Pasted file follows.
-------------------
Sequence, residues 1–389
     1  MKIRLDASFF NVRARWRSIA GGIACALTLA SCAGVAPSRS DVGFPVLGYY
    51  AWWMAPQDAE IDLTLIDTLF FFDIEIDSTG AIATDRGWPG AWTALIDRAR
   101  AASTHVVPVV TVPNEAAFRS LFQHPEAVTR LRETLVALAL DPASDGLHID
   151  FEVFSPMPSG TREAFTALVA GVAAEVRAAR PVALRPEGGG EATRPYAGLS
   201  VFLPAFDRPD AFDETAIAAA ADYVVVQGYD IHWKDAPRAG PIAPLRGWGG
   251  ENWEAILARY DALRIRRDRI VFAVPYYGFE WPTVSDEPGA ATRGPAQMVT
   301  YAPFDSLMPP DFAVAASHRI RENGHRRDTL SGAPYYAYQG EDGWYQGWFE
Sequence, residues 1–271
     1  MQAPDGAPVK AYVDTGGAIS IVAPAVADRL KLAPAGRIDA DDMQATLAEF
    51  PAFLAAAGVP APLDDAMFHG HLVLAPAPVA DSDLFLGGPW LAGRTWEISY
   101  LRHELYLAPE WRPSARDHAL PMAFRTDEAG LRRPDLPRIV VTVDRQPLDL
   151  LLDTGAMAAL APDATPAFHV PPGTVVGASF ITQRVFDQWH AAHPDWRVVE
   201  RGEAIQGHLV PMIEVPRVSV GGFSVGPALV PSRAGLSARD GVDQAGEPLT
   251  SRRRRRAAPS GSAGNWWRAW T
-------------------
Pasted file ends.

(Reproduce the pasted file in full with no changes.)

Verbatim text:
Sequence, residues 1–389
     1  MKIRLDASFF NVRARWRSIA GGIACALTLA SCAGVAPSRS DVGFPVLGYY
    51  AWWMAPQDAE IDLTLIDTLF FFDIEIDSTG AIATDRGWPG AWTALIDRAR
   101  AASTHVVPVV TVPNEAAFRS LFQHPEAVTR LRETLVALAL DPASDGLHID
   151  FEVFSPMPSG TREAFTALVA GVAAEVRAAR PVALRPEGGG EATRPYAGLS
   201  VFLPAFDRPD AFDETAIAAA ADYVVVQGYD IHWKDAPRAG PIAPLRGWGG
   251  ENWEAILARY DALRIRRDRI VFAVPYYGFE WPTVSDEPGA ATRGPAQMVT
   301  YAPFDSLMPP DFAVAASHRI RENGHRRDTL SGAPYYAYQG EDGWYQGWFE
Sequence, residues 1–271
     1  MQAPDGAPVK AYVDTGGAIS IVAPAVADRL KLAPAGRIDA DDMQATLAEF
    51  PAFLAAAGVP APLDDAMFHG HLVLAPAPVA DSDLFLGGPW LAGRTWEISY
   101  LRHELYLAPE WRPSARDHAL PMAFRTDEAG LRRPDLPRIV VTVDRQPLDL
   151  LLDTGAMAAL APDATPAFHV PPGTVVGASF ITQRVFDQWH AAHPDWRVVE
   201  RGEAIQGHLV PMIEVPRVSV GGFSVGPALV PSRAGLSARD GVDQAGEPLT
   251  SRRRRRAAPS GSAGNWWRAW T